People from different cultures use space during conversation in unique ways. The appropriate conversational distance between Middle Easterners is twice as close as Americans are used to. Middle Easterners also tend to use touch more frequently. This erosion of personal space may feel invasive or even somewhat aggressive if the individuals are not used to it1,2.
Many people from the Middle East tend to resist disclosing detailed personal information to strangers, including doctors. Data for health histories may not be given willingly and request for information may be viewed with some suspicion until it is clear about why the questions are being asked. Once trust is established, personal information may be given more freely1. This tendency may make it difficult to get the details needed to form the optimal treatment plan for each individual patient.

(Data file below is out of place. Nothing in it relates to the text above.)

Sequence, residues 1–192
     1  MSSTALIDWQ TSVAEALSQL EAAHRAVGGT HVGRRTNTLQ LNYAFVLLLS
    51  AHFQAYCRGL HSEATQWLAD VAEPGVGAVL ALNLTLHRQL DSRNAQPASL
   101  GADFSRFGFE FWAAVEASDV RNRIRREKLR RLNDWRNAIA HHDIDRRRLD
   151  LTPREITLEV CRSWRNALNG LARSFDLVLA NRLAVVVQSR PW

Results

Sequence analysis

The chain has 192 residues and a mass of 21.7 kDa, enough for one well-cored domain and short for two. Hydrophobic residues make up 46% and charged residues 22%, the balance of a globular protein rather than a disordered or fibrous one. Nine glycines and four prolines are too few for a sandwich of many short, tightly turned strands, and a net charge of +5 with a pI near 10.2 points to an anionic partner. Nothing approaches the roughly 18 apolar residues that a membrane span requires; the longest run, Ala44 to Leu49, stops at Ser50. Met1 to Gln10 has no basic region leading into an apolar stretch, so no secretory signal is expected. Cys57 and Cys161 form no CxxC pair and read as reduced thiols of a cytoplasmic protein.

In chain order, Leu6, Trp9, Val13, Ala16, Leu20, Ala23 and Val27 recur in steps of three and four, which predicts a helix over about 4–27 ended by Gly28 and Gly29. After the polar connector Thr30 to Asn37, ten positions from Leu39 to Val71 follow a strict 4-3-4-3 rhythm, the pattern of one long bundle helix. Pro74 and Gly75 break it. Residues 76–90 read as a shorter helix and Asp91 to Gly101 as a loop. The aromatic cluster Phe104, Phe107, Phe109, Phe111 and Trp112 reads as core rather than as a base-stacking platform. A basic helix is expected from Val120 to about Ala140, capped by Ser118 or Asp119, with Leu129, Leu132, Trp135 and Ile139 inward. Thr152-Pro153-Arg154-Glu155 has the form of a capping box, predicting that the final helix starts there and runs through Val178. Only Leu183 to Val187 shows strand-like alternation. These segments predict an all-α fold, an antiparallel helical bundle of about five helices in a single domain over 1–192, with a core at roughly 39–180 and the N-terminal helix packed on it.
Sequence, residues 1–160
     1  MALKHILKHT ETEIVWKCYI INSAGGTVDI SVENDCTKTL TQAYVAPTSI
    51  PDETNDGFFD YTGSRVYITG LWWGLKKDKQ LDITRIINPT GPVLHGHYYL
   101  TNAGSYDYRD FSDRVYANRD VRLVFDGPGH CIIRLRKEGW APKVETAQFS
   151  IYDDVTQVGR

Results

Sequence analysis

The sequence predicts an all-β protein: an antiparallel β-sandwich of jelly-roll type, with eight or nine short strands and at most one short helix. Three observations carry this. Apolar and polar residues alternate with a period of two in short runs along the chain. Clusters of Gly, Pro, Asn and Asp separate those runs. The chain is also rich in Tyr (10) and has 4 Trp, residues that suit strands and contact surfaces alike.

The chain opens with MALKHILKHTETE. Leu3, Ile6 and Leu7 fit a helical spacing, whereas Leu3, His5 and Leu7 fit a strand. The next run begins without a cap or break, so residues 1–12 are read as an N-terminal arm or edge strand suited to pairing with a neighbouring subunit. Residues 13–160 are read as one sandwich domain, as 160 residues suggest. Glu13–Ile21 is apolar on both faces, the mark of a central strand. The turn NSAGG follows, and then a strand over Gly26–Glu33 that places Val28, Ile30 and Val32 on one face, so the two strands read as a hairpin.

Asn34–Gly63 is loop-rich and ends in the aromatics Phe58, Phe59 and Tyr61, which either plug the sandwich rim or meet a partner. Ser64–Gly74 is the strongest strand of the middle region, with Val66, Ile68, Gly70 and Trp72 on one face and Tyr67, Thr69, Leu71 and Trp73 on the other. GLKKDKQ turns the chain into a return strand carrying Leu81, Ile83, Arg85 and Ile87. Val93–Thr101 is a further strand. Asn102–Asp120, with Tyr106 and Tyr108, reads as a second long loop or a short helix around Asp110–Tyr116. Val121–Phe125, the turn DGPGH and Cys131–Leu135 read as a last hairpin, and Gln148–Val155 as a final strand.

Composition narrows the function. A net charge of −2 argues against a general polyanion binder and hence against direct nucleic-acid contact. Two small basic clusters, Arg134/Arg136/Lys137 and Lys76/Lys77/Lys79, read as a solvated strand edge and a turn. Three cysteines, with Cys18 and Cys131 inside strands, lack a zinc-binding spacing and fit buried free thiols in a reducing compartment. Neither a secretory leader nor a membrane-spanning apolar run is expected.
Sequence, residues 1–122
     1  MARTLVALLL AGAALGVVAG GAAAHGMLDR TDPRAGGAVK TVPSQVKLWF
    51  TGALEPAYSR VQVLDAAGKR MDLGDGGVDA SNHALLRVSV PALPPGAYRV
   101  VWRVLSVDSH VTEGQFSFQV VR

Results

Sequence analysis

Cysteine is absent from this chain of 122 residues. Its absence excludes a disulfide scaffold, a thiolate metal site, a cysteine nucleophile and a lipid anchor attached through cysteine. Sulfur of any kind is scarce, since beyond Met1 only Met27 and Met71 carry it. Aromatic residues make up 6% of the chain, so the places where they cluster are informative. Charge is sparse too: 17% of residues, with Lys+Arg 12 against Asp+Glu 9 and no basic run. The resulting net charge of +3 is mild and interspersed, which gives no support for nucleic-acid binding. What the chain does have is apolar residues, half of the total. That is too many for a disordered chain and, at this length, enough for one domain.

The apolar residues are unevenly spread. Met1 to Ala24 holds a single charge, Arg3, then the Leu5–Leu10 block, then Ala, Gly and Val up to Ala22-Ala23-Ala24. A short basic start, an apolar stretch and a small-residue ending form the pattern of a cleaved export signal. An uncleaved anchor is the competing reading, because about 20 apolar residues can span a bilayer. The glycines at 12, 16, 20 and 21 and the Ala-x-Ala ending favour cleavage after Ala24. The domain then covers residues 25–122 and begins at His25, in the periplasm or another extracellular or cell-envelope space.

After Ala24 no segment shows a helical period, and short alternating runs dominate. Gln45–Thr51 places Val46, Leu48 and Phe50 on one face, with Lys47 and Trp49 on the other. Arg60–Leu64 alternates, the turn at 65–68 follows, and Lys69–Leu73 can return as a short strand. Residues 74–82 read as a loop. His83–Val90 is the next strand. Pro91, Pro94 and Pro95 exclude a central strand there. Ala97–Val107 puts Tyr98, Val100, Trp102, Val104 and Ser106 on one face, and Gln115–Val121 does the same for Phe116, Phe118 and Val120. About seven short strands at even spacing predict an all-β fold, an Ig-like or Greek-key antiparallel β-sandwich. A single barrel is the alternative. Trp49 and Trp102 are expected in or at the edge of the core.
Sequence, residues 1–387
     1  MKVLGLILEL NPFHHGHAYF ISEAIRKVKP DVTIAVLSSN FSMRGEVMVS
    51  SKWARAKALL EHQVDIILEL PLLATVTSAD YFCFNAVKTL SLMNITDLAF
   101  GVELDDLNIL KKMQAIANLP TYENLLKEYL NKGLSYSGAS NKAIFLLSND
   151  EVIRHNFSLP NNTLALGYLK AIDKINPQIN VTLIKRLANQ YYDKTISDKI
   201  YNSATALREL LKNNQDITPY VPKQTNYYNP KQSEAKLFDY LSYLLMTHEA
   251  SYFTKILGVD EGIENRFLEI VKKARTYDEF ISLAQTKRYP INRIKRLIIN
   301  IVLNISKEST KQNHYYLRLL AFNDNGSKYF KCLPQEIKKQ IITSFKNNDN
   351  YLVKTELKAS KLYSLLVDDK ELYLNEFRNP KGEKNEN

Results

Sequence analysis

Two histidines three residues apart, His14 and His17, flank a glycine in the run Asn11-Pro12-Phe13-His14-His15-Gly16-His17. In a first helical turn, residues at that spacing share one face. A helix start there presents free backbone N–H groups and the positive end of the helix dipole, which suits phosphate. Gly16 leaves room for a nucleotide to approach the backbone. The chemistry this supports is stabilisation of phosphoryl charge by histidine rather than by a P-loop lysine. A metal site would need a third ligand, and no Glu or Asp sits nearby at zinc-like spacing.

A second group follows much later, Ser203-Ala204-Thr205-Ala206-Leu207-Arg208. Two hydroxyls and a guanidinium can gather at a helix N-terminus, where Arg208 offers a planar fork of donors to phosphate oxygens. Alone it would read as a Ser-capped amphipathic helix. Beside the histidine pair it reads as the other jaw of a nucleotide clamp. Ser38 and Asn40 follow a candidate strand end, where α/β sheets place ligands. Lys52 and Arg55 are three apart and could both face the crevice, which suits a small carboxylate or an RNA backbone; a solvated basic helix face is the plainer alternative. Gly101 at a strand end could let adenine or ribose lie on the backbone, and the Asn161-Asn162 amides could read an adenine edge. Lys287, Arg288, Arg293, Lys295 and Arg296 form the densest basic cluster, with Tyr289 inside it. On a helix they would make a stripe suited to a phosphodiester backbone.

There is also a resistance to having photographs taken, according to Dr. Hisham El Minawi, a plastic surgeon in Egypt. If the patient adamantly refuses, he asks the patient to sign a waiver indicating their refusal. ‘It is also common for the patient’s husband to be in the room when I am examining her breasts and body and pointing to the areas he wants improved,’ he says.
There is a desire to please or to appear good, and less dominant persons may need to placate stronger ones. This can be an important consideration especially between male doctors and their patients. Because the authority of a physician is not usually questioned, a Middle Eastern patient may be less likely to ask questions or give information that would contradict or show disrespect2. In some situations, men may also feel uncomfortable interacting with a female doctor according to Dr. Gauthier.